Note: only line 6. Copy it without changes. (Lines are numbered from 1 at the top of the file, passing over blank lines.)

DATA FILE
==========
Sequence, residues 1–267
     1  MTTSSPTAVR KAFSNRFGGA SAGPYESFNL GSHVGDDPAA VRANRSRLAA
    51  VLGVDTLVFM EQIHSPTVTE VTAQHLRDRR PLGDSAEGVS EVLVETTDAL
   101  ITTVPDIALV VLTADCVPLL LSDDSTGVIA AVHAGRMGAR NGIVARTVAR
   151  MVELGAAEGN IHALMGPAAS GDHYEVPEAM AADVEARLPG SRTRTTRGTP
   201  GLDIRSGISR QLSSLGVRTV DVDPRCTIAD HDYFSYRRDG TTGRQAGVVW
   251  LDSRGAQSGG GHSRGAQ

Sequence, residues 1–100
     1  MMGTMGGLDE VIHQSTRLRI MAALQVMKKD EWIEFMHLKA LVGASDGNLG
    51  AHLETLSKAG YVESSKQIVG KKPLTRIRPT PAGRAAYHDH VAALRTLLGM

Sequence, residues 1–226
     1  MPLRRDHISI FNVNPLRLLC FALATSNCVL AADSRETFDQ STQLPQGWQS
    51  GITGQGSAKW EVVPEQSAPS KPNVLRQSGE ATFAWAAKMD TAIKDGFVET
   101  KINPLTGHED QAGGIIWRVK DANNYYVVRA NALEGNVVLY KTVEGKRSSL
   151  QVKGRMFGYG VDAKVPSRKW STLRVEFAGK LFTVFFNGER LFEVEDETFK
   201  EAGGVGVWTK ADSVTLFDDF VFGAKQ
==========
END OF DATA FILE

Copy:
   201  GLDIRSGISR QLSSLGVRTV DVDPRCTIAD HDYFSYRRDG TTGRQAGVVW